Are massive open online courses (MOOCs) more like an ATM or an American Express Centurian card? The former provides a service to everyone with a bank account. The latter serves a smaller niche of the prosperous few.
Like an ATM, MOOCs are automated dispensers providing accessible, on-demand service to thousands of users. They faithfully output course material, input student performance, and churn out a receipt of transaction at the end.
MOOCs share another trait with ATMs: a sluggishness to capture significant market share. Automated teller machines, now a standard feature in drug stores and on street corners, initially faced suspicion.
Could they replicate the human teller in reliability and accuracy? Could you be sure, after inserting your cash, that the money really wound up in your bank account? What if your account number and identifying information got hacked?
MOOCs face similar skepticism. Can they replace classroom professors in delivering high quality education to individual students who have distinct needs and varying backgrounds? Will automated grading adequately assess student work? What about anti-cheating measures to verify the student’s identity?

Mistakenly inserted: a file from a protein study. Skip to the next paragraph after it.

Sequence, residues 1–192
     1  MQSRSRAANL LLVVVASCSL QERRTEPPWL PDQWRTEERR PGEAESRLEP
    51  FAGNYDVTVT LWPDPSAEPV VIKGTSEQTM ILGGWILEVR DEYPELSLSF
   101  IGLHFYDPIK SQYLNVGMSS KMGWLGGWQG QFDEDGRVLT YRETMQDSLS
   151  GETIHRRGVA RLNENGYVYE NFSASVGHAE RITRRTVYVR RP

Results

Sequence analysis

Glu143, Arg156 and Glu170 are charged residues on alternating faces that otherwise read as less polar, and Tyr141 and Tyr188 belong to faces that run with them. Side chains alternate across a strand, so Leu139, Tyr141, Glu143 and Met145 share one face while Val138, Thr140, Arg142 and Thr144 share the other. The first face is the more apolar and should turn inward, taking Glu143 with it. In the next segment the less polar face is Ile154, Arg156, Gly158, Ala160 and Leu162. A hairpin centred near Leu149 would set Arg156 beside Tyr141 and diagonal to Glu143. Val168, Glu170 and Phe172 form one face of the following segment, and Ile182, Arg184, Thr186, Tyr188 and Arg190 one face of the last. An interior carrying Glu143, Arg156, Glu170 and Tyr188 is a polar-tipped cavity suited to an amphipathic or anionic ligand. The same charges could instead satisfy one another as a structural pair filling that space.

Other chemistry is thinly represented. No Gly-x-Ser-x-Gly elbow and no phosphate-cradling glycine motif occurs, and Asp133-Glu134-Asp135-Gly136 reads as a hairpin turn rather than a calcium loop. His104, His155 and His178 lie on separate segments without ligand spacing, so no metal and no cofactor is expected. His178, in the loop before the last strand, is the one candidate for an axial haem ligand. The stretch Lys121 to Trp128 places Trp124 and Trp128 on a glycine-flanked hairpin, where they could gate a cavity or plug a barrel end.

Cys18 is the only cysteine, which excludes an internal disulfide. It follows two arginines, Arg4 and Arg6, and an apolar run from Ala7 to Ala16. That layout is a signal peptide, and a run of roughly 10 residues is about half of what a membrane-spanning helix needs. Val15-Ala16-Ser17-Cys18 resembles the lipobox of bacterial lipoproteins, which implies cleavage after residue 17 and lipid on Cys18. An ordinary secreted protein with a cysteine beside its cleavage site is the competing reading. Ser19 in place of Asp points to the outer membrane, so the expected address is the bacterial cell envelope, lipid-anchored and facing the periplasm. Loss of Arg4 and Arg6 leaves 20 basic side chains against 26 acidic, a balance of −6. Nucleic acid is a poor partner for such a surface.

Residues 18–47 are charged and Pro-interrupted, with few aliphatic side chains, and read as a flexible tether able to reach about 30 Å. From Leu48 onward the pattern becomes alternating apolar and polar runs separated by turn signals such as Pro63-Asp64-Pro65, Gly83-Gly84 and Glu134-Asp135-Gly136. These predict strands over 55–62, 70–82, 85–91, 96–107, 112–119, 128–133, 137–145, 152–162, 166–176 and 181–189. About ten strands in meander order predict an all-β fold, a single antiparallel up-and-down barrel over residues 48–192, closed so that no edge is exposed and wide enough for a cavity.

Perhaps it sounds odd to speak of lethargic public response to MOOCs. In the two brief years since they were conjured up by a handful of Stanford computer scientists, MOOCs have attracted scores of universities eager to give away their course content and millions of students eager to take it.
But while MOOCs have benefited from administrative agitation over the internet’s potential to reinvent higher ed, and from media hype declaring “The Year of the MOOC” or “The Campus Tsunami,” MOOCs have accomplished few of their inventors’ initial goals.
Drop-out rates are sky high, and MOOC usage is densely concentrated among college degreed professionals–not the underprivileged demographic that MOOCs intended to reach, and not the typical college students that MOOCs hoped to siphon off from the academic establishment. These days the better analogy is the AmEx card.